Written by Selina Ho.

Image Credit: Sunset over the Mekong by Matt Wakeman/Flickr; Licence: CC BY 2.0.

In June 2018, the Ayeyawady-Chao Phraya-Mekong Economic Cooperation Strategy (ACMECS) held its eighth summit in Bangkok. ACMECS countries include Cambodia, Laos, Myanmar, Vietnam and Thailand. Initially an initiative of former Thai Prime Minister Thaksin Shinawatra in 2003, there were few indications that the Thai government under Prime Minister General Prayut Chan o-cha had any interest in reviving AMECS until the eighth summit.

At the summit, Prayut launched the ACMECS Master Plan 2019–2023 and proposed the establishment of a fund for new projects under the scheme. The Master Plan is an ambitious programme that includes initiatives on infrastructure and transportation, digital infrastructure, energy networks, harmonisation of trade and investment rules, financial cooperation and human resource development.

The divergent responses from the Mekong states suggest that the prospect of the sub-region presenting a cohesive platform in terms of balancing the major players and offsetting Chinese influence is remote

The Mekong sub-region has become a crowded arena in the past two decades. There are 13 major inter-governmental cooperation frameworks active in the sub-region. These frameworks involve several major external powers, specifically Japan, South Korea, India, the United States and China, all of which have established their presence in the area. Commonly regarded as China’s traditional backyard, the Mekong sub-region has seen increased major power competition in recent years, and the jostling will intensify in the future.

Chinese inroads are probably the most high-profile and hotly debated. In 2015, China established the Lancang-Mekong Cooperation (LMC) forum, which includes all six riparian states. The LMC is closely tied to China’s Belt and Road Initiative (BRI), as the projects in the Mekong sub-region are placed under it. Hence the LMC is viewed by some countries and pundits as a vehicle for Chinese dominance. China has also had a military patrol presence along the Mekong since 2011.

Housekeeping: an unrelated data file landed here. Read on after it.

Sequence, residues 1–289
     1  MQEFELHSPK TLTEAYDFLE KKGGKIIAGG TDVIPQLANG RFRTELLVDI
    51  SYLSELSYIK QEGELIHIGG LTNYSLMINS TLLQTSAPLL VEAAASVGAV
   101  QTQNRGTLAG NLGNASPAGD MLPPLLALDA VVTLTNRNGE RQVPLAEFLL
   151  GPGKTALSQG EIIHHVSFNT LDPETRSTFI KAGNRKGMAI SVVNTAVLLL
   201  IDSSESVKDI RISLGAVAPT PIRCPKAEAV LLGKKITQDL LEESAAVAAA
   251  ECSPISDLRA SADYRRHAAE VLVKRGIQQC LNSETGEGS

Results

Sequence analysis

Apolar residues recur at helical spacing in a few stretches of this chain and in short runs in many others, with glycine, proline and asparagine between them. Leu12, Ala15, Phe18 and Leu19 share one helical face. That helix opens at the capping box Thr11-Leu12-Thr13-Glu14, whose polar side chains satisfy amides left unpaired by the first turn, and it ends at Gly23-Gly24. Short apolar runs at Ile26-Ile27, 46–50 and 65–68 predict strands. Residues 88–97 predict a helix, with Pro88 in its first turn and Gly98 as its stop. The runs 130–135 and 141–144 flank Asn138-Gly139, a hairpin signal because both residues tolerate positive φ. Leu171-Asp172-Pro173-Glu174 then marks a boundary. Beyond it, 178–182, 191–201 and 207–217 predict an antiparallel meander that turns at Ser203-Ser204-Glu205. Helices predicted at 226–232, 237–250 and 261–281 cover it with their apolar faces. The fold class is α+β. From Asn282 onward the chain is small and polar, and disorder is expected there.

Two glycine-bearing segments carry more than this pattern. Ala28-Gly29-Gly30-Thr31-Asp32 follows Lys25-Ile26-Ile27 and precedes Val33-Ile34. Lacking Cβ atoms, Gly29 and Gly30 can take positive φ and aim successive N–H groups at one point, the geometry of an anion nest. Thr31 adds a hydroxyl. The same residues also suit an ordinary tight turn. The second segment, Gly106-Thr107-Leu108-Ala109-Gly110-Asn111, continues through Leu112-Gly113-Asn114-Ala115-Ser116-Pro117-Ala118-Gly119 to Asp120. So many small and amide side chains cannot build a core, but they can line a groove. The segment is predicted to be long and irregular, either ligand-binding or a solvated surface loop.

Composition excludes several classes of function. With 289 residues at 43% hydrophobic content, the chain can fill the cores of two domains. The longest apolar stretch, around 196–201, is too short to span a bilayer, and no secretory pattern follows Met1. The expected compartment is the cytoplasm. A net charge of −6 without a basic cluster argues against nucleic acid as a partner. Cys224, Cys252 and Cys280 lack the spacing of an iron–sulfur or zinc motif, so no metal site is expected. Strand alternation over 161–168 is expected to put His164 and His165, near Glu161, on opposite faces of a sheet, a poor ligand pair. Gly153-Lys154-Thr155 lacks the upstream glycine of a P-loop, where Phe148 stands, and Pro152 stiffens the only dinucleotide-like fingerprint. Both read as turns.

The five Mekong states have reacted to the presence of major external powers in a variety of ways. In particular, reactions to Chinese inroads have been diverse. Thailand, Vietnam and Myanmar are wary of Chinese intentions, while Cambodia and Laos appear quite comfortable with China’s presence. The five countries have also met with varying degrees of success in engaging other major powers to limit China’s influence.

The Thai government’s revitalisation of the ACMECS is likely aimed at reasserting Thai leadership in the crowded Mekong sub-region, and to balance between the major external powers. Thailand has courted investment from Japan in particular to build the East-West Economic Corridor, and it has also actively sought greater American involvement in Mekong projects, probably to act as a counter-weight to China.

The significant Chinese presence in Thailand has also caused significant rumblings in Thai society. Tourists from China represent the largest tourist market, comprising about one-third of all visitors to Thailand. However, the ‘zero-dollar tours’ associated with Chinese tourists are seen as damaging to the Thai tourist industry.

Vietnam, with its acrimonious history and ongoing territorial disputes with China, deeply distrusts the Chinese. It is the lowest riparian state on the Mekong River and suffers most from the environmental impact of the dams built along the upper reaches of the Mekong. China’s increasingly assertive activities in the Spratly Islands in the South China Sea have pushed Vietnam closer to the United States.

Vietnam is seeking closer ties with Japan and India – countries seen as rivals to China – and Vietnamese public opinion and nationalism also strain the country’s ties with China. In mid-2018, one of the worst anti-Chinese protests broke out over the Vietnamese government’s decision to award 99-year concessions to foreign investors, which many regarded as selling Vietnamese sovereignty to Chinese companies.